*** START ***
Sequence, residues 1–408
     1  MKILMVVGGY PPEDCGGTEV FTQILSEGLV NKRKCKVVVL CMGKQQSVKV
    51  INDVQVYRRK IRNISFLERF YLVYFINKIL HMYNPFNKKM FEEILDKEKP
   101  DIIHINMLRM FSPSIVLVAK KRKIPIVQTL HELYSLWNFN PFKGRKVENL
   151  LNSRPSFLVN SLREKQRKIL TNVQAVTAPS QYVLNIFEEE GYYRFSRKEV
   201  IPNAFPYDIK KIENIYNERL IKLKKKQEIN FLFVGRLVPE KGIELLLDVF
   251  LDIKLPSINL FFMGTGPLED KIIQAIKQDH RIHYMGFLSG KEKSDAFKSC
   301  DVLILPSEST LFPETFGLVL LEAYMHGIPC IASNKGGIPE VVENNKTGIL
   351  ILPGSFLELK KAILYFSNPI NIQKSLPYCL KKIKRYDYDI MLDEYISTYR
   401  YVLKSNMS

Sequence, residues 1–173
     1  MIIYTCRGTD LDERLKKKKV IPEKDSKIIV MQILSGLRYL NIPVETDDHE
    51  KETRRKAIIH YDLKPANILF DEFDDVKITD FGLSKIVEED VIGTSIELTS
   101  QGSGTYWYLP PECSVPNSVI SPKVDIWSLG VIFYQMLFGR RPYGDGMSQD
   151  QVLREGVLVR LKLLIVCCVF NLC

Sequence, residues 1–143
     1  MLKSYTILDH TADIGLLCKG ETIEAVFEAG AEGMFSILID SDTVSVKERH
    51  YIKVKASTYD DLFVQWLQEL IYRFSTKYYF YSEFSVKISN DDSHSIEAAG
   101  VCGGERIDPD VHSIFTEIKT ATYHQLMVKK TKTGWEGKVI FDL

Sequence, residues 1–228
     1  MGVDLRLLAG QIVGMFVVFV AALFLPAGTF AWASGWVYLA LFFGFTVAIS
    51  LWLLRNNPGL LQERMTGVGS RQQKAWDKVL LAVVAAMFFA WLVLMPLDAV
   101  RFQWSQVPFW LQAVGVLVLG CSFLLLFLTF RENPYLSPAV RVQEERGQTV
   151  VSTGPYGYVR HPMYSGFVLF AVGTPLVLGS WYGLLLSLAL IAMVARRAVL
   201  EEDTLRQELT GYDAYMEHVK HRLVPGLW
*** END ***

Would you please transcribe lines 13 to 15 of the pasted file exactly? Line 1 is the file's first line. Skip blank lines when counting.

    51  KETRRKAIIH YDLKPANILF DEFDDVKITD FGLSKIVEED VIGTSIELTS
   101  QGSGTYWYLP PECSVPNSVI SPKVDIWSLG VIFYQMLFGR RPYGDGMSQD
   151  QVLREGVLVR LKLLIVCCVF NLC